The Catechism of the Catholic Church offers us a beautiful teaching on the necessity of praying in our daily lives. It says that “Prayer is the life of the new heart. It ought to animate us at every moment. But we tend to forget Him who is our life and our all. That is why the teachings of the prophets, and later that of the Church Fathers, insist that prayer is a remembrance of God often awakened by the memory of the heart: “We must remember God more often than we draw breath.” (St. Gregory of Nazianzus) The Catechism goes on to say that, “…we cannot pray at all times if we do not pray at specific times, consciously willing it. The church has always promoted that we pray at different times of the day to nourish continual prayer. Some are daily, such as morning and evening prayer, grace before and after meals, and the Liturgy of the Hours (prayed by clergy and religious). Some of our prayers are weekly, especially when we gather for Mass on the weekends. And there are other times of prayer that make up the great Seasons of our Church calendar: Advent, Christmastime, Lent, Holy Week and Eastertime, along with the Feasts of the Year. What the church is stressing is that prayer should be an important part of our everyday lives.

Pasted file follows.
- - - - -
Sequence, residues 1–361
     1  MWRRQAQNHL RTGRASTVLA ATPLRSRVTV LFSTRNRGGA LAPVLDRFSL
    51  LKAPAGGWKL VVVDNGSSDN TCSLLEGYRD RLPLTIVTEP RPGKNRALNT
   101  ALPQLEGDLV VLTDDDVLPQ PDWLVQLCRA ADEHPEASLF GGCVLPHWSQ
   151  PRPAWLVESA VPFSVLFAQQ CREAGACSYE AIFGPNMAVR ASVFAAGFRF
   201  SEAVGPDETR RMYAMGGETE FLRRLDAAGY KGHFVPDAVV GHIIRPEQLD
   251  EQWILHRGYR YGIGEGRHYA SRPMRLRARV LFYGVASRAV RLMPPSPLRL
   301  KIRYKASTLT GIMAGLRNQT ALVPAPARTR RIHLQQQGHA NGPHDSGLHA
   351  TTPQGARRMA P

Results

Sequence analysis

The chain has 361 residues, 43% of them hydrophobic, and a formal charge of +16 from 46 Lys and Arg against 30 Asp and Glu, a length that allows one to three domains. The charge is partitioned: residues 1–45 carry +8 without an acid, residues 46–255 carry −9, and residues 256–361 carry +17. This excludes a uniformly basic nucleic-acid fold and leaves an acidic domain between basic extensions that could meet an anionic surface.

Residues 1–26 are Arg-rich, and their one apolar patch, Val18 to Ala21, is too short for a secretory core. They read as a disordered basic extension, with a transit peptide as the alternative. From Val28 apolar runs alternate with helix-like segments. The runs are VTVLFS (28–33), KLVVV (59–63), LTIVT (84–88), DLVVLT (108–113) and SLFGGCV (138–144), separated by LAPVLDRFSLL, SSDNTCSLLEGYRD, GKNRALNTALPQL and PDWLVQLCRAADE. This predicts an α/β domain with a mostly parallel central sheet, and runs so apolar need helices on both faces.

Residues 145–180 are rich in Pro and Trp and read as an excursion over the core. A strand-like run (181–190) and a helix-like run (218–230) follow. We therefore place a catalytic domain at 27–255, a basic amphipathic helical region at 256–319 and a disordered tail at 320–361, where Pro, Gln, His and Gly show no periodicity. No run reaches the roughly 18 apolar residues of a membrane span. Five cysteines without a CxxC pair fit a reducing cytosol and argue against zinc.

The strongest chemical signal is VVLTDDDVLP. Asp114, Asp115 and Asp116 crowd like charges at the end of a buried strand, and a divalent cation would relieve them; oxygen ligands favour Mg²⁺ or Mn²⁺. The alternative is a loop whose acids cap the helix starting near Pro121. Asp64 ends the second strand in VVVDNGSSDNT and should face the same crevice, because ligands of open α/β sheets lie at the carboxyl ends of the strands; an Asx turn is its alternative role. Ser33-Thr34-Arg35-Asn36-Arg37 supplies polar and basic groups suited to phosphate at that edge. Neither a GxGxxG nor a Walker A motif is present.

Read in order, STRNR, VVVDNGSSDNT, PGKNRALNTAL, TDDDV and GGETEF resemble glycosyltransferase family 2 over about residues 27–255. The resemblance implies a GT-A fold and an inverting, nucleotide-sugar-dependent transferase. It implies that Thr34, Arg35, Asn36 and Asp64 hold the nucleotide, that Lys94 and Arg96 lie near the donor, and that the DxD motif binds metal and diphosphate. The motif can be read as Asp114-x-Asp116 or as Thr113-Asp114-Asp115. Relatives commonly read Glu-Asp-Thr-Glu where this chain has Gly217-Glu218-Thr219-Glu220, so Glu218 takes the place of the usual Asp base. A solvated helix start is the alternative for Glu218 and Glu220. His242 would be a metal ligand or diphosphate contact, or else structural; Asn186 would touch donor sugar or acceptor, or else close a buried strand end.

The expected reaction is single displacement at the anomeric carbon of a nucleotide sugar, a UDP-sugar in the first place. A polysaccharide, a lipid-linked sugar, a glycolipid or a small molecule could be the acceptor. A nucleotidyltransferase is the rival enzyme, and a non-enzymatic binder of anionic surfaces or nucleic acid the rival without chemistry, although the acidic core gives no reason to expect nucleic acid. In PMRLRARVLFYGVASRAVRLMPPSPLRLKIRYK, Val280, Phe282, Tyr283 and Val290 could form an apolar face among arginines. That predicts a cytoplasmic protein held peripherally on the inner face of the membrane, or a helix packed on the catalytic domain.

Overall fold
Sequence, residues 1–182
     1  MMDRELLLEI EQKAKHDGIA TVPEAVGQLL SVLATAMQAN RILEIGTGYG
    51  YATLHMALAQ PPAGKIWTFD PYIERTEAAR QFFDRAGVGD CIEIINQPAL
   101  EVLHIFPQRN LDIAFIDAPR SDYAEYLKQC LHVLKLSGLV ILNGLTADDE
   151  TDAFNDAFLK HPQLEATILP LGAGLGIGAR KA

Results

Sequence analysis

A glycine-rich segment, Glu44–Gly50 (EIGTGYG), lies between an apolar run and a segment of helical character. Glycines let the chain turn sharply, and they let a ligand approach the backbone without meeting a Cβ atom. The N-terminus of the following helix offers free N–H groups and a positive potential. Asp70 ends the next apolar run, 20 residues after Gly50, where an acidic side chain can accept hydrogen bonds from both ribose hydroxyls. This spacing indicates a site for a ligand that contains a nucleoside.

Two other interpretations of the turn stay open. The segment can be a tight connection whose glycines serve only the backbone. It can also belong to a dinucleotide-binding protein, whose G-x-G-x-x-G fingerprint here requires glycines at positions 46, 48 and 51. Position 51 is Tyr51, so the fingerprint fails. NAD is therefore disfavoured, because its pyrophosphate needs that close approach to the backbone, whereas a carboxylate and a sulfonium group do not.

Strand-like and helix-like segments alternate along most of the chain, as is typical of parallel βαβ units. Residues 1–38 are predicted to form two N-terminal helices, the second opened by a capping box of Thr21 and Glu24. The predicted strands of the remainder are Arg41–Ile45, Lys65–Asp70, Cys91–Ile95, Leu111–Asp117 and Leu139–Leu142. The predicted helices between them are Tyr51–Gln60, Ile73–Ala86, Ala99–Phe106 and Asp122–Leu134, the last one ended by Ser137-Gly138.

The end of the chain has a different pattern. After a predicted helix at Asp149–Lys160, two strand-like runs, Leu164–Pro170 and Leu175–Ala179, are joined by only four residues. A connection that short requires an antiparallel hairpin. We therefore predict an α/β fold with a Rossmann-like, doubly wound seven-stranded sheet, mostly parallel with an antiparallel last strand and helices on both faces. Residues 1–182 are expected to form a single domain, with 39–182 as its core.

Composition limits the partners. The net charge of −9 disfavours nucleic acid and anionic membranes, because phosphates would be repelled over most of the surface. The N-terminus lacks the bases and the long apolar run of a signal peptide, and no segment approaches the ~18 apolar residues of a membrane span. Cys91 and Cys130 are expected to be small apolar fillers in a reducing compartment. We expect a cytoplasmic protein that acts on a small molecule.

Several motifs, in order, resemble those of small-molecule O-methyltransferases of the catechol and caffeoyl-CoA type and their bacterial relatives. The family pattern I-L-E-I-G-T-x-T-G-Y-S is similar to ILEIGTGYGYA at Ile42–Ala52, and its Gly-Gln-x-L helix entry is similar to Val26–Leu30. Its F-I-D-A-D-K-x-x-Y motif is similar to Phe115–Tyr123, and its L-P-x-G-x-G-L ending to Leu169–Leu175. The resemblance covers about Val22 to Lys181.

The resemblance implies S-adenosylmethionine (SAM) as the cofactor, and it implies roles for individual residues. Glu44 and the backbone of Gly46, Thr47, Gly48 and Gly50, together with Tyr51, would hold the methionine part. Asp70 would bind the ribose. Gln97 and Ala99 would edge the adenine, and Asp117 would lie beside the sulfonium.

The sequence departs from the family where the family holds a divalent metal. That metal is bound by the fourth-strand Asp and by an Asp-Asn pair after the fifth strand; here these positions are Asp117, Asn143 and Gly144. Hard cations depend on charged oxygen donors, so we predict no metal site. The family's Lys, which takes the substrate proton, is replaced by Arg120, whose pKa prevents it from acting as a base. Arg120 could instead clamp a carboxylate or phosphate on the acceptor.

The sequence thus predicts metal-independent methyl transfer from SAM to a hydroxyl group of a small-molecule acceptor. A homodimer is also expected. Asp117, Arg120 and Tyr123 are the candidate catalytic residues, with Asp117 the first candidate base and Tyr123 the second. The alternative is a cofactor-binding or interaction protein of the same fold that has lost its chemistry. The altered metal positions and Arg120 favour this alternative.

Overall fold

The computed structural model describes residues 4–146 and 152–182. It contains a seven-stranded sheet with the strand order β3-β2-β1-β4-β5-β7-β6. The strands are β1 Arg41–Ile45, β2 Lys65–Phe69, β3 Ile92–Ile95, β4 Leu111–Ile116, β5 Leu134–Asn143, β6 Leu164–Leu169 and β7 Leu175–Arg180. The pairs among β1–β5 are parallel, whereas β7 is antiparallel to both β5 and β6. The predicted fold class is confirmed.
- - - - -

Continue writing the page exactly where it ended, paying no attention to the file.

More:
The church in her wisdom instructs us to pray often but does not necessarily tell us how to pray when doing it alone. “Our Christian Tradition has retained three major expressions of prayer: Vocal, Meditative and Contemplative. They have one basic trait in common: composure of heart.” Being faithful to times of prayer keeps us in the presence of God in a special way. In the next few weeks I will elaborate about these three types of prayer. In the meanwhile, keep praying, encourage others to pray, and be sure that God hears the prayers of all who trust in Him and call upon His name.